What a difference a year makes for Moline's Jessica Howell, and it was because of the help of a special friend.
Howell, the 2012-2013Girls' Bowler of the Year for The Dispatch and The Rock Island Argus, already was labeled as a high school bowler on the rise. After her performance in her sophomore campaign, she is becoming one of the best in the state.
"I really need to thank Don Johnson for my success," Howell said. "Mostly every day of the summer, I camein and worked with him, on spares and anything he told me. He wouldn't stop pushing me, and helping me every day. Any questions I had, he answered. He has become close to familyfor me.
"He understands me, because he's a lefty and he knows I want to make bowling something in my life. He pushes me, and I could never thank him enough for what he has done for me. Without him, I wouldn't be where I am today."
At the State Finals during her freshman year, she finished 79th. After her work with the Moline assistant in the offseason, she ended her sophomore season in a competitive battlefor the No. 1 spot in the state. Howell rolled a 2,660 at the Rockford Cherry Bowl in the state finals. After fighting for first after the first day, Howell fell to third in the second day, just 67 pins back.
Howell picked up a remarkable 76 spots in the state in just a year. That cameafterdominating the Western Big 6 Conference tournament and the Moline Sectional, winning the individual titles in each.
How was your experience this time around at state? "It was a great experience. It was a great learning experience and I learned a lot of different oil conditions and how to become more consistent. All of the hard work paid off to get to state."
What was is it like to make a run for the No. 1 bowler in the state? "It was a great run and I felt really good sitting in second after day one. My second day was kind of harder with the lane conditions changing, but I managed to get third. I was proud of that."
What was your favorite moment? "The Dixon meet when our lane broke down. The whole bowling alley watched me pick up a 7 pin. I was very nervous. That was my favorite moment of the season, because everybody clapped and cheered when I got it."
Where or whatdo you want to improve on before your junior year? "My goal is to win state my junior and senior years. It's never been done before and I plan to do that. I also plan to make sure my accuracy is much more accurate, especially on 7 pins. If I would have picked three 7 pins, I would have won state. I want to be more accurate for my overall layout of bowling. It seems like a lot, but when I get down to it and slow down, I will achieve my goal."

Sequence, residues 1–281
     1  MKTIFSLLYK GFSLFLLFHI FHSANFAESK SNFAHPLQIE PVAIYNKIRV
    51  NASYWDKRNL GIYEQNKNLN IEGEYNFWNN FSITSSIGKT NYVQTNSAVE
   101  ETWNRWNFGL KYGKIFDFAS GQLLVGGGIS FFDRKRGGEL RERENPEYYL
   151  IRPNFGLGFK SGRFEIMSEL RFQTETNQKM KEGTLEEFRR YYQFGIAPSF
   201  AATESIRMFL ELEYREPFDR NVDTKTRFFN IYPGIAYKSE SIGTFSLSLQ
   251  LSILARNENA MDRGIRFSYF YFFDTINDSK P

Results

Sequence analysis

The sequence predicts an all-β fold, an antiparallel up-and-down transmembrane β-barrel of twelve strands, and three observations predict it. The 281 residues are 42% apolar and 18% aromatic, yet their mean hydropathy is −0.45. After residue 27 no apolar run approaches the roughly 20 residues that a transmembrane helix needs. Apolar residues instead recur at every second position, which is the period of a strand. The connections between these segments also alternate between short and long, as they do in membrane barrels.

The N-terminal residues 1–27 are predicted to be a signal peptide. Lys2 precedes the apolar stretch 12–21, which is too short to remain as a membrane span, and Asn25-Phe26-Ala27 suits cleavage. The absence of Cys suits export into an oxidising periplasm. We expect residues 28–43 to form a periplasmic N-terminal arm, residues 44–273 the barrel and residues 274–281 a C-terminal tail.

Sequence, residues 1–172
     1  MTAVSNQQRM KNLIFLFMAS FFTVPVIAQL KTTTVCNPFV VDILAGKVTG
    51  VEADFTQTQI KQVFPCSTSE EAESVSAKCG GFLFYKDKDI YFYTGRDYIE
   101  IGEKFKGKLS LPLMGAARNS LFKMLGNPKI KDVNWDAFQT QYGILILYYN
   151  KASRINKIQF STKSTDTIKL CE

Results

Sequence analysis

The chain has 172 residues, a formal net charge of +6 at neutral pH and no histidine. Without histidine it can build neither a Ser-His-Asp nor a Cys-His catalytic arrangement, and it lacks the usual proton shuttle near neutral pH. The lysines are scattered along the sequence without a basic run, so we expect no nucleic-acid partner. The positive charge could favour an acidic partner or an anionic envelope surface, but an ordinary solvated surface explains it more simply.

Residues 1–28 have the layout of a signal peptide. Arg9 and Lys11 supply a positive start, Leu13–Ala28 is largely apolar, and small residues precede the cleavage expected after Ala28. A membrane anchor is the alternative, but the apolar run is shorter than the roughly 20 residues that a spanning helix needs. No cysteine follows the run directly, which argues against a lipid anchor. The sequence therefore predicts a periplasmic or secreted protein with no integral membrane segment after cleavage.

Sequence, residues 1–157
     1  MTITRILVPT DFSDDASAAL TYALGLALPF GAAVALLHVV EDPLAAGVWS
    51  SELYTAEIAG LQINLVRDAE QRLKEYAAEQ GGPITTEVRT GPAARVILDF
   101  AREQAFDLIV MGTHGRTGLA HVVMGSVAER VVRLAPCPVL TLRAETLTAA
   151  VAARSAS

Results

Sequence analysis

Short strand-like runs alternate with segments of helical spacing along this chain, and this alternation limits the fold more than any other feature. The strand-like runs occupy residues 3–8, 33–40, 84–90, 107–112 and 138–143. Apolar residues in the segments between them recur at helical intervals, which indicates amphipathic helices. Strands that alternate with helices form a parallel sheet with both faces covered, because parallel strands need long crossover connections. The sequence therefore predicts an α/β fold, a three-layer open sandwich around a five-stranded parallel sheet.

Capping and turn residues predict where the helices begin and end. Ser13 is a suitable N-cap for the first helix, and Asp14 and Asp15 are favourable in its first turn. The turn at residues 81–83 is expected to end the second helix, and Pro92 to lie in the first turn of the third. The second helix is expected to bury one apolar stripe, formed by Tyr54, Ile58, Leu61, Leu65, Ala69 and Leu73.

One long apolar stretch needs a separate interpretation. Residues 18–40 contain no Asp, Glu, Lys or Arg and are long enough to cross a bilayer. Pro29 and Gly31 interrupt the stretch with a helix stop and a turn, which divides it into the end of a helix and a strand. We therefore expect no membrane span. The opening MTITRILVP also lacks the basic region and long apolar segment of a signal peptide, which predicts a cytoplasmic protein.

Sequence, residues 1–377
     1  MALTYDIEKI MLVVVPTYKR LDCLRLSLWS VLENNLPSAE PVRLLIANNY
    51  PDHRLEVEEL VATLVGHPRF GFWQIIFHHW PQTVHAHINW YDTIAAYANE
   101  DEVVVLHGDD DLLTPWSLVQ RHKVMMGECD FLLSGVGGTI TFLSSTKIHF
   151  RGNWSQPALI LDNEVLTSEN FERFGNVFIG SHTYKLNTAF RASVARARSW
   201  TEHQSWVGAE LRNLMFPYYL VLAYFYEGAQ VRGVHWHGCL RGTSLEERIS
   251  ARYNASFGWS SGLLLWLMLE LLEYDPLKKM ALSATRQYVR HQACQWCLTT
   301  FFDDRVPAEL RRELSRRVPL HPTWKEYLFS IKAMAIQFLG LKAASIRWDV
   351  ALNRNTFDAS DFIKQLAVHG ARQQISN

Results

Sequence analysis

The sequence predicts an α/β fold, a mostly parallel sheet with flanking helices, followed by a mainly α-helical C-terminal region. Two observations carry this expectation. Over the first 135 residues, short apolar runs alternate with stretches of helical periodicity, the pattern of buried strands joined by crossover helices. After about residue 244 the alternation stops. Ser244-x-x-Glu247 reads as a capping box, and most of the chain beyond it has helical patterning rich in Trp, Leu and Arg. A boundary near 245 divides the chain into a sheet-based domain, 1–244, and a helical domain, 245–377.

What does it mean tobe the top bowler in the area this year? "It means a lot. I have a close competitor in Kayla Crawford. We're great friends and we push each other. That's what pushed me this year was to beat Kayla and achieve my goal. I'm so proud of my hard work, but I still have much to improve on."
Today is Friday, Dec. 6, the 340th day of 2013. There are 25 days left in the year. 1863 -- 150 years ago: The street crossings on Washington and Jefferson are to be taken up immediately and underlaid with sand to raise above the level of the roadway before it freezes. 1888 -- 125 years ago: J.O. Bean, father of W.H. Bean, grocer, was accidentally thrown from his wagon near the Rock Island bridge on the Arsenal and received severe cuts and bruises on his face and body. 1913 -- 100 years ago: Sgt. Birger F. Westergard, of the United States Marine Corps, has arrived in Rock Island to take charge of the local recruiting office. 1938 -- 75 years ago: Five cases of diphtheria at Lincoln School prompt the city physician, Dr. Edward DeSilva, to urge parents to have their children immunized, as he fears epidemic. 1963 -- 50 years ago: Rock Island Arsenal will have its own newspaper with the first edition scheduled to be published Friday, Dec. 13. The paper, which will carry advertising, will be published by Bawden Bros. Inc. of Davenport. 1988 -- 25 years ago: The New Year should ring a better Quad-Cities economy, according to a survey of people in business made by First National Bank of Moline. "Based on our survey, we see a bright outlook for 1989," said Richard M. Bishop, the bank's president.